kermit in a blender…

Last week as I stood at the counter mincing chicken breast K stood beside me shelling edamame. Conversation drifted this way and that before we finally landed on a topic she wanted to discuss.

“Mama, have you ever made something too horrible to eat?”

It’s a plain enough question. But I can’t always tell what’s behind a conversation. What darker motive lurks behind the easy words. Was she looking for me to admit I’m an awful cook? Did she think the fried rice was going to be horrid? Did she just want something else for dinner?  I mean I know I’ve made some things she didn’t like but they weren’t awful. I thought back to the days I first moved to Portland living in a little apartment on NW 21st. I’d have to wait for payday to do any grocery shopping and so I became accustomed to cooking up whatever happened to be left in the cupboard. That’s when I created my tuna ramen pan-fried noodle dish. I’d tell you what’s in it but I just listed the ingredients. Mostly if something didn’t turn out the way I wanted it was just bland. Sometimes bland with intent because everyone likes things a little different. Douse it with salt, hot sauce, soy sauce, butter, ketchup, mayo, vinegar, sour cream. Everyone has their own thing. Hell I’ll eat just about anything topped in avocado and sprinkled with salt and pepper.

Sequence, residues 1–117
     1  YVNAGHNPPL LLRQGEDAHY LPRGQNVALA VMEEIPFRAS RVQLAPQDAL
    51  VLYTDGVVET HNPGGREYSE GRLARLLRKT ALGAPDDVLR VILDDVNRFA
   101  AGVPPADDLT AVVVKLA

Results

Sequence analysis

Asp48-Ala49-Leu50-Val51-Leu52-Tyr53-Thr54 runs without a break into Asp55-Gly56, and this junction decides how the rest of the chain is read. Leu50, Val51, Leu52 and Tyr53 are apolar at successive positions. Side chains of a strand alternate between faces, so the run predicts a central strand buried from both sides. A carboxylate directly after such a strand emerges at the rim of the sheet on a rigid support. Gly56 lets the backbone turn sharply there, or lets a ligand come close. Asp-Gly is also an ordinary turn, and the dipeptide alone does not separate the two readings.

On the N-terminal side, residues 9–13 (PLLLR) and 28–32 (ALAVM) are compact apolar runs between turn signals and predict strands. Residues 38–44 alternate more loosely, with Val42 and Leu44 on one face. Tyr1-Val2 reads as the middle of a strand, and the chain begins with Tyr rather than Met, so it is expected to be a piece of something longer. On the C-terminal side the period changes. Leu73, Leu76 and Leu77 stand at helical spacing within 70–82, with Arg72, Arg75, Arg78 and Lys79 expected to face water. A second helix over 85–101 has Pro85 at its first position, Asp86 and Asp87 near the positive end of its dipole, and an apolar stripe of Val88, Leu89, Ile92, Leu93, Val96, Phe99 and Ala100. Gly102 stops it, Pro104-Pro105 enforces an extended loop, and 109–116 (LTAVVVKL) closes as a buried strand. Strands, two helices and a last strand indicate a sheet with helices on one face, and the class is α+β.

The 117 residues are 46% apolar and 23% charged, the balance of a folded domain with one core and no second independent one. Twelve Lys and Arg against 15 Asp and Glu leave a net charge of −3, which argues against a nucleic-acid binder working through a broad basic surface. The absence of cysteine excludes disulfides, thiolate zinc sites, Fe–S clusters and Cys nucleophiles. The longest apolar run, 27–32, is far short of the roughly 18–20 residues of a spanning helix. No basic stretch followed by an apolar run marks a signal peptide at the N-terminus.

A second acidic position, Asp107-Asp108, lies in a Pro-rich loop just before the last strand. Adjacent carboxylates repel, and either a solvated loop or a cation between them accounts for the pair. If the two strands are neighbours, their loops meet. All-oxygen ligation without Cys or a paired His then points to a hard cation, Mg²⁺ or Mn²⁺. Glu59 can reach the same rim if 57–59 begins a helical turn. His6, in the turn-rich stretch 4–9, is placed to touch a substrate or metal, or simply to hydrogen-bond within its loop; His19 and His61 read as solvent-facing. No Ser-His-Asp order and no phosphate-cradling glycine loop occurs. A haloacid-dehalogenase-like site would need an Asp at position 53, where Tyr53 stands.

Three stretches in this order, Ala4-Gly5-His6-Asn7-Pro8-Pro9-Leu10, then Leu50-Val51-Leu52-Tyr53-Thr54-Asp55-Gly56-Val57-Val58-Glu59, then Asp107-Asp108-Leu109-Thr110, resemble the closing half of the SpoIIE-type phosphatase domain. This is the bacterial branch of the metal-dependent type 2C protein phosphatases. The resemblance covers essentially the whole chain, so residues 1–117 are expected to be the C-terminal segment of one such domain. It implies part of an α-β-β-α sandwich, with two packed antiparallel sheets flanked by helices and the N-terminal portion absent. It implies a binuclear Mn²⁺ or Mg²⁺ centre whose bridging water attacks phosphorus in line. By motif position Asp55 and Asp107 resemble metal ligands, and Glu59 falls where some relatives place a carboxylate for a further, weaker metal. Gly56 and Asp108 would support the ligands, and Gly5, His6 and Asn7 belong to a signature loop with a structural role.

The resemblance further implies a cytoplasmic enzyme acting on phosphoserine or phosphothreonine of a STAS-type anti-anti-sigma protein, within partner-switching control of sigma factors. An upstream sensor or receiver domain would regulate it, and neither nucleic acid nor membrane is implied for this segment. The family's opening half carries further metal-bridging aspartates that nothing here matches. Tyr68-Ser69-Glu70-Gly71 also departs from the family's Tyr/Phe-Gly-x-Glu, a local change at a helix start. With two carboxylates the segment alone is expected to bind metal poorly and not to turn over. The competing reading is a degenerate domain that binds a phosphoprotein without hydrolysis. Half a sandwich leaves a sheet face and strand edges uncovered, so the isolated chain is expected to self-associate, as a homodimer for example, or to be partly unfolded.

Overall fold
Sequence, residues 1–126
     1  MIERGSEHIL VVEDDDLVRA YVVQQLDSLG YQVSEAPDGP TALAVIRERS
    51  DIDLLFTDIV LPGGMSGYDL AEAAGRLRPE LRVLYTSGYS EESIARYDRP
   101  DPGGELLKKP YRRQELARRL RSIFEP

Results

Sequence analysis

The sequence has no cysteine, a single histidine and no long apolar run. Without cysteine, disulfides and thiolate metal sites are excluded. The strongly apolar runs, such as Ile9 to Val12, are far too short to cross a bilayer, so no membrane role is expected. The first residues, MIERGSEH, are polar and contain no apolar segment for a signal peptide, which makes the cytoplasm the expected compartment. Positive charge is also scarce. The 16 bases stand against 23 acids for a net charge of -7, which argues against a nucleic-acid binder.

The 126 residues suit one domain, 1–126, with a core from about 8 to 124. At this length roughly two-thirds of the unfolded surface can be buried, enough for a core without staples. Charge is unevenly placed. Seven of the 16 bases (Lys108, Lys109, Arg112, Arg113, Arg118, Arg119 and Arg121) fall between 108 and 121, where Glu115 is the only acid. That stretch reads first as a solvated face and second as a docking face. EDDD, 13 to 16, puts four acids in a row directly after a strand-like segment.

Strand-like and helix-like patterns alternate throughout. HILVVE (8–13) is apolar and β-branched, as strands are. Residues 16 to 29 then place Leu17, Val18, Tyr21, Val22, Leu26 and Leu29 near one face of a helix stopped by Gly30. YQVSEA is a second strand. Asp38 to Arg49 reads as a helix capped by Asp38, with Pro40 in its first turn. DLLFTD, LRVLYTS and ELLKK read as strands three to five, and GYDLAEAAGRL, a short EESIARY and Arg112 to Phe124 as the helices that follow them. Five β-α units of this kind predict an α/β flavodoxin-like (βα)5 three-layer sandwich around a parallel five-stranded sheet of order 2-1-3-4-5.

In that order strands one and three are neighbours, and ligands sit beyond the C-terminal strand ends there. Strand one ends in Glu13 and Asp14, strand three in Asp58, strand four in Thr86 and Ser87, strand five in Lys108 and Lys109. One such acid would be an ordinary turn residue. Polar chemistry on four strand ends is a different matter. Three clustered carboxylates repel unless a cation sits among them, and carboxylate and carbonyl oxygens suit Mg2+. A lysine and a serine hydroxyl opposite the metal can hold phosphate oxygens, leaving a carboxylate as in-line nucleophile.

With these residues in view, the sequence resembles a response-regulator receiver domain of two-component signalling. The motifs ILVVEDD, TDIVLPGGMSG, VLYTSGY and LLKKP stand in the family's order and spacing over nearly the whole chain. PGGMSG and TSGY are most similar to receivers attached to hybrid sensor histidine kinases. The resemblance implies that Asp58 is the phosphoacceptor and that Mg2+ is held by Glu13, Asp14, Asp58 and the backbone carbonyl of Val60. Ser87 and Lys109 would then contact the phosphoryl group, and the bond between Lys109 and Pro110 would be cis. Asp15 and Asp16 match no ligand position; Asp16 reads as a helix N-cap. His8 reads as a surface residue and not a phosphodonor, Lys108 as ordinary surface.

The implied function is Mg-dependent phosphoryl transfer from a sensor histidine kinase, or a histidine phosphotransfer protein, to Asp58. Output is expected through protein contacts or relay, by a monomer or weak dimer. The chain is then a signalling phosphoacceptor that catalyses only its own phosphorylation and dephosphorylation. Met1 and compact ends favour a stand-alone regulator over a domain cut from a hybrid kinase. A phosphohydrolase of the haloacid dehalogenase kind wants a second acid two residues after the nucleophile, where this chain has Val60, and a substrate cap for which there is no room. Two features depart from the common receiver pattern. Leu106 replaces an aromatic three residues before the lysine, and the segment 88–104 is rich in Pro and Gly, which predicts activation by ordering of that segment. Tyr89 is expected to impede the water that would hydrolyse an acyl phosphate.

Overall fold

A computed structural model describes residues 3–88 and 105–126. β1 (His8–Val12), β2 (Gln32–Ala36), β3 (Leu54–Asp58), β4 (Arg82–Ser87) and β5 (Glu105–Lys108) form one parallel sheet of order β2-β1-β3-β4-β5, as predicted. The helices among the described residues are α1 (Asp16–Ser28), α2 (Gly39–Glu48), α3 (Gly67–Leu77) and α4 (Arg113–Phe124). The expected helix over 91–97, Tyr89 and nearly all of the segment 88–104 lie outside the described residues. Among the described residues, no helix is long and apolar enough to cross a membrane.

I guess my answer was no. I’d never made anything too horrible to eat. Not good enough to finish the leftovers, sure. But it did bring to mind an incident from my youth. A meal gone horribly terribly wrong. Something as awful to look at as it was to taste.

In my home growing up we were all required to cook. Everyone had their specialties but most nights it was something quick and easy. This particular night it was my dad’s turn to cook. I think he wanted to try something new. If I recall we were supposed to have fettuccine in pesto and big green salad.

But fresh ingredients weren’t as plentiful when I was a kid as they seem now. If I wanted to make pesto I’d pop down to the grocery store or the farmers market and pick up a nice big bunch of fresh basil, or hell a whole basil plant. Pick up some pine nuts while I’m at it and the rest is stuff I already have at home. It would take moments to get it all ground up in the food processor and from there we could use as is or make a pesto cream sauce.

But that’s not how it happened that  night. Instead there was a package. A mix. I don’t know all of the details but I do know that we all stood around the kitchen counter staring in awe. I feel like I can remember a smell. A stench. Not of fresh herbs, but some earthly sourness. And as we gazed upon the dish my father had created all four of us could only come up with one description to do it justice. It appeared as though someone had placed Kermit the frog in the blender and given him a good long whir.

That night I learned an important lesson, it’s okay to admit your mistakes. And it’s advisable to have a good pizza place on speed dial.

Update: You know how I said it’s okay to admit your mistakes? Apparently my dad was out of town and that was my mom’s dinner travesty. My dad’s perfect dinner record remains.

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